- General Purpose SSD with 160 MiB/s; use this for most database applications that requires good IO performance
- Provisioned IOPS SSD with 320 MiB/s; use this business critical application that requires heavy IO operations.
- You can take backup (snapshot) of your EBS volume and store it directly on S3.
- Amazon also provides the option of creating encyrpted EBS option, which is helpful when you want to encrypt your data at rest.
- These EBS volumes can be exposed to your operating system which can be mounted appropriately. For example, on Linux EC2 instnace, it can be /dev/sdb (or /dev/xvdb), and on Windows it can be C: or D: drive.
- You can also setup RAID on EC2 instance using EBS volumes.
4. EC2 Instance Store
- Amazon EC2 Instance Store will use the disk that is directly attached to the host where the current EC2 instance is running.
- But, be very careful when using an instance store, as this is a temporary storage.
- Any data stored in the instance store will be lost when you restart the instance, or when an instance crashes for whatever reason.
- You cannot detach an instance store and move it to another instance.
- The size of the instance store volume that you can create depends on the instance type. For example, in m1.small, you can create a instance store volume of 160GB.
- Some of the instance type (for example: C3, G2, HI1, I2, M3, and R) supports SSD instance storage.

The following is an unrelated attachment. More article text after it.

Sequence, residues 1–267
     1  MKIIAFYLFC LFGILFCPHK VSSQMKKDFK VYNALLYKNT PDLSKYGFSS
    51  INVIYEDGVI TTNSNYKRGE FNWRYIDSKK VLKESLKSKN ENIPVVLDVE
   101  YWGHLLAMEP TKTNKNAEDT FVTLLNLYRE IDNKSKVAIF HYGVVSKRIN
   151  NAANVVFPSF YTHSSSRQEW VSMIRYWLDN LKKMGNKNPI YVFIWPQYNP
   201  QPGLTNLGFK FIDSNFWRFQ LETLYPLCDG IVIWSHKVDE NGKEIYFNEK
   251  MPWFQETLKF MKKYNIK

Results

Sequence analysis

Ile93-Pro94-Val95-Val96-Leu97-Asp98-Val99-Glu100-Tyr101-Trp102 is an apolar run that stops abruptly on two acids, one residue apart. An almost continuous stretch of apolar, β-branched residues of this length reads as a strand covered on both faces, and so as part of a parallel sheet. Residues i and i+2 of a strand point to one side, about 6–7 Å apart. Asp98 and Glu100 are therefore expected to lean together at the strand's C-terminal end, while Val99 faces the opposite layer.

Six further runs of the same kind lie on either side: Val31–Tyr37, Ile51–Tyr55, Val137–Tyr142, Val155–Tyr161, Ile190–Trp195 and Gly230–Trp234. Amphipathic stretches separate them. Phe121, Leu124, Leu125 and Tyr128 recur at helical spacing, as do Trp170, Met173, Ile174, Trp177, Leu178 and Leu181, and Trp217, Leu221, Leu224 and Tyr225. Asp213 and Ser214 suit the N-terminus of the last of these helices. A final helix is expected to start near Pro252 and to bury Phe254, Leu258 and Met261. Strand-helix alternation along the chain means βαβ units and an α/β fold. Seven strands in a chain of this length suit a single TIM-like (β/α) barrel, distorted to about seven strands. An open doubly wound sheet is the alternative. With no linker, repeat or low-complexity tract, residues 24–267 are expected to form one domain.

- Again, instance store is different than EBS. Use instance store only to store some temporary data that you can afford to lose.
5. AWS Storage Gateway
- For most enterprise application, you’ll probably already have some kind of storage solution on your site.
- In that case, using AWS storage gateway, you can connect your on-site storage infrastructure with AWS storage services using the gateway.
- For this, you should install the AWS storage gateway software application, which comes as a VM in your datacenter.
- Once this is connected to the AWS, from the AWS console, you can create three types of storage gateway volumes and mount it on the server in your datacenter:
- Gateway-cached volumes: This will use S3 to store your primary data, while keeping a copy of the frequently used data locally in your datacenter
- Gateway-Stored volumes: This will store the primary data locally in your datacenter, and in parallel it will backup the data to AWS S3 in the form of EBS snapshot.
- Gateway-Virtual Tape Library: This will replace your local physical tape library with virtual tape library using Amazon S3 storage of Glacier.
6. Amazon RDS
- Amazon RDS stands for Relational Database Service. In RDS you’ll create a DB instance with a specific database, and select the type of compute and storage options based on your requirement.
- The DB instance can be any of the most popular databases: MySQL, MariaDB, Oracle, SQL Server, PostgreSQL, or Aurora.
- What RDS does is that it will automatically install the database, configure it, and perform the routine DB maintenance tasks like backup and patch applying.